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US Life Expectancy Falls Again in ‘Historic’ Decline

Analysis by Dr. Joseph Mercola  Fact Checked September 14, 2022


According to the latest statistics, life expectancy in the United States dropped
precipitously in 2020 and 2021. In 2019, the average life span of Americans of all
ethnicities was nearly 79 years. By the end of 2021, life expectancy had dropped to 76 —
a loss of nearly three years

Even small declines in life expectancy of a tenth or two-tenths of a year mean that on a
population level, a lot more people are dying prematurely than they really should be

Native Americans and Alaska Natives have the highest rate of diabetes out of any ethnic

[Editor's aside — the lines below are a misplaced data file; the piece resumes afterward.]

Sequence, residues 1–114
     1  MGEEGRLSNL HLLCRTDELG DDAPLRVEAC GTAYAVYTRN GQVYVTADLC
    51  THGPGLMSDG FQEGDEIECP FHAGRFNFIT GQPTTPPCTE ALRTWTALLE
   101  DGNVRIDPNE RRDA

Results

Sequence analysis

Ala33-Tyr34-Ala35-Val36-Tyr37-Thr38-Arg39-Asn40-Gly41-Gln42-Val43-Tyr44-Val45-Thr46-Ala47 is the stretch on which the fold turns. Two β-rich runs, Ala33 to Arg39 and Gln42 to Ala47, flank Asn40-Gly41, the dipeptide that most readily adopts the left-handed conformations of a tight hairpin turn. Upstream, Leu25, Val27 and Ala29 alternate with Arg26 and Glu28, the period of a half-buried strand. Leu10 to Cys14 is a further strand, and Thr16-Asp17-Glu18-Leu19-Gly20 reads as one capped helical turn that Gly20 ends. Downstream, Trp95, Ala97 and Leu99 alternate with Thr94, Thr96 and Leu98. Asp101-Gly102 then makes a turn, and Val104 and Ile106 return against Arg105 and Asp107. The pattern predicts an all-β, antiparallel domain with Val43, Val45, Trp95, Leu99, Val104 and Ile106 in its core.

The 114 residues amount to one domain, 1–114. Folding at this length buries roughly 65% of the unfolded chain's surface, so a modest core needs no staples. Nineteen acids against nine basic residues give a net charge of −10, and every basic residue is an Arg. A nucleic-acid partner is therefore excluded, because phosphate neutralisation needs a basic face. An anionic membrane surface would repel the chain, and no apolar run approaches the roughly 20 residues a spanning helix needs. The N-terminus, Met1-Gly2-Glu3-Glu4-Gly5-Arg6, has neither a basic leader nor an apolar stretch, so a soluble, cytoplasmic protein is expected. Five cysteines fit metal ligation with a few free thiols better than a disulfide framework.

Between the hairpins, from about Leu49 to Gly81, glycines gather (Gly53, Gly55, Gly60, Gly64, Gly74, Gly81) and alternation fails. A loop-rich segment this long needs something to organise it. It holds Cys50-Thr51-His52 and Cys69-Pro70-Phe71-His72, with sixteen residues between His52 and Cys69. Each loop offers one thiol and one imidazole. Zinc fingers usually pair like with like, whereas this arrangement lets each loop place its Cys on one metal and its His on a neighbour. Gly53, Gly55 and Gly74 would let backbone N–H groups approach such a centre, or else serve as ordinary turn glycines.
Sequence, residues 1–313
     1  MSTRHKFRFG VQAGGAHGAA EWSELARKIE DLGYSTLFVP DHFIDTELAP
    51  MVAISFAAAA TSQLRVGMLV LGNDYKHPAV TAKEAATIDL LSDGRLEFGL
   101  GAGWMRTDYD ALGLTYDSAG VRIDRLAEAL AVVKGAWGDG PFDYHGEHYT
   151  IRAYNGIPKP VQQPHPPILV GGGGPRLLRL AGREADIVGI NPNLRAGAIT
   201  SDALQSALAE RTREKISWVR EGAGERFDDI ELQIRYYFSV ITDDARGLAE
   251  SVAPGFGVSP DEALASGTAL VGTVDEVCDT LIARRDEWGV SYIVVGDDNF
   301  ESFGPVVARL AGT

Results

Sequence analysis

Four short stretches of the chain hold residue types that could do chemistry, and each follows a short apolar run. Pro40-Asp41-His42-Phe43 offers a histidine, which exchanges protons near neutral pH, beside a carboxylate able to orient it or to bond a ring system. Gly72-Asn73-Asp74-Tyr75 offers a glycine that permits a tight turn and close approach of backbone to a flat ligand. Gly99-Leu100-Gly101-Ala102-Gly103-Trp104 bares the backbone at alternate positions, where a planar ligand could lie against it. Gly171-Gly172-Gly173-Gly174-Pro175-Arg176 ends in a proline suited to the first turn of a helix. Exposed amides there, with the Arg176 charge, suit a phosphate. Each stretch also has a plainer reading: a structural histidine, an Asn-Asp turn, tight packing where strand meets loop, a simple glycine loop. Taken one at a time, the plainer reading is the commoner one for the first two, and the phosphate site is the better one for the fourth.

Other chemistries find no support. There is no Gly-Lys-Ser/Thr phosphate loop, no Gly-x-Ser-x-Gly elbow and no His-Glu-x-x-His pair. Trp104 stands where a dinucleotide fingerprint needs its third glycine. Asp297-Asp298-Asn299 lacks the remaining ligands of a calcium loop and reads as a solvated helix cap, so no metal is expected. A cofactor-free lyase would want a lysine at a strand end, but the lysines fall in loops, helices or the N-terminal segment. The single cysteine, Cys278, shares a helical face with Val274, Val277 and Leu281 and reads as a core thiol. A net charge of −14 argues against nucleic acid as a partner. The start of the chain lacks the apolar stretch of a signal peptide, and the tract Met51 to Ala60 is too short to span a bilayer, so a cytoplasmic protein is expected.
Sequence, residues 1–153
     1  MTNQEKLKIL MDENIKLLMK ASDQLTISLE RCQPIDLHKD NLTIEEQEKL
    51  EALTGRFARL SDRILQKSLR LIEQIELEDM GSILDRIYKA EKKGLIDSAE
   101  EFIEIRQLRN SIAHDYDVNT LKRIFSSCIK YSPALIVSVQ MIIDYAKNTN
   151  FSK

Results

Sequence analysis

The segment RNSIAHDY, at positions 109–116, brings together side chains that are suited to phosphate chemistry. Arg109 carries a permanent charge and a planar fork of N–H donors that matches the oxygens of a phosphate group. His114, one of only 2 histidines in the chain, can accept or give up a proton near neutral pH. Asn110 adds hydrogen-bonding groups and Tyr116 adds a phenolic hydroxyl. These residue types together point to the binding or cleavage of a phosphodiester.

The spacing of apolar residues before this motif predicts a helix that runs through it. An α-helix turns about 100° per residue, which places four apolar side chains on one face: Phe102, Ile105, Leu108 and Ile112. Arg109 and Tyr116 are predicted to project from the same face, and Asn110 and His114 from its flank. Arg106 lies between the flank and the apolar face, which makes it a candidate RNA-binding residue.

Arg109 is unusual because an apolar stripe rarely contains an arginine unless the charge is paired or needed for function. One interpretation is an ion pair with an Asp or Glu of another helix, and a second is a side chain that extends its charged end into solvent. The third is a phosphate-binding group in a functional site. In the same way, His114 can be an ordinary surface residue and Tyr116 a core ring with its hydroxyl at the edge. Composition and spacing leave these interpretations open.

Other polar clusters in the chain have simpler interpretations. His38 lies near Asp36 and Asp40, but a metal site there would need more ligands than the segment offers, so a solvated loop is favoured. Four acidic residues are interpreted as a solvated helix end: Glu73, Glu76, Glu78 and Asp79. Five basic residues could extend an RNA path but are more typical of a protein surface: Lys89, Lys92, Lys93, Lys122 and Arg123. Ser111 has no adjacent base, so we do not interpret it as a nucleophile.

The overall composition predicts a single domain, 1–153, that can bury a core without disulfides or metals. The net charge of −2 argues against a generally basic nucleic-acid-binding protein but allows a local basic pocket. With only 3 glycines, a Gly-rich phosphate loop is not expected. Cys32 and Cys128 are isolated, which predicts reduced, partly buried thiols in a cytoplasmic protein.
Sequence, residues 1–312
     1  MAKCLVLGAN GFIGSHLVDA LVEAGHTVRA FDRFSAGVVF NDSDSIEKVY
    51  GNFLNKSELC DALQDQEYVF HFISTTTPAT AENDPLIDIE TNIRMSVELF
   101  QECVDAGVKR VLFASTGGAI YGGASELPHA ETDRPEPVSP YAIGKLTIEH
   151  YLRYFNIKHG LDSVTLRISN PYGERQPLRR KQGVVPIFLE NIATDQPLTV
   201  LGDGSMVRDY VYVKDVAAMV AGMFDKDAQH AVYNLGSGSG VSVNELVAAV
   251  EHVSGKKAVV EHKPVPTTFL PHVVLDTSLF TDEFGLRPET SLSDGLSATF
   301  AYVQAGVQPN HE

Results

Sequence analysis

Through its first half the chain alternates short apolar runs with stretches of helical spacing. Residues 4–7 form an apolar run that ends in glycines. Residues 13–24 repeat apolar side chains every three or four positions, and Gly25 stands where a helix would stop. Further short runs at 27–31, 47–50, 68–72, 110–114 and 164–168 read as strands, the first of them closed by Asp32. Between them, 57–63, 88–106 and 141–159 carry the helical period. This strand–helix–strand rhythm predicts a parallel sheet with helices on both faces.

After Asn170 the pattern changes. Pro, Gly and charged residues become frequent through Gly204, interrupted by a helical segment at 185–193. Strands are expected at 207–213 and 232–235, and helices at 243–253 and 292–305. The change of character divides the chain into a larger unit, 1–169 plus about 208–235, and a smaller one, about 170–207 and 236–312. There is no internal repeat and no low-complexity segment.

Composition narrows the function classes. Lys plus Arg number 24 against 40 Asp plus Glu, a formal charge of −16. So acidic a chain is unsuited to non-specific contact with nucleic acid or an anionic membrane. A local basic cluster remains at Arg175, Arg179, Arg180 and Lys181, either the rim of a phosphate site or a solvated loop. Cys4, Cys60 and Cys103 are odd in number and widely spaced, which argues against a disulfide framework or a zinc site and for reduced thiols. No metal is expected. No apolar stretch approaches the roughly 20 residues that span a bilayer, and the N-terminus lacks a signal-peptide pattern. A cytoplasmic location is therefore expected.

groups — 1 in 7 — and obesity is also common. Both of these conditions have been
identified as comorbidities that make you more susceptible to serious COVID-19

Aside from COVID, causes of death listed as contributors to this loss of life expectancy
include accidental deaths, drug overdoses, heart disease, chronic liver disease and
cirrhosis. However, excess deaths from all causes are wildly elevated, across age groups

That life expectancy has dropped by three years since the start of the pandemic can be
explained by the simple fact that the primary “remedy” for COVID — the experimental
mRNA COVID jabs — are the most lethal drugs in medical history

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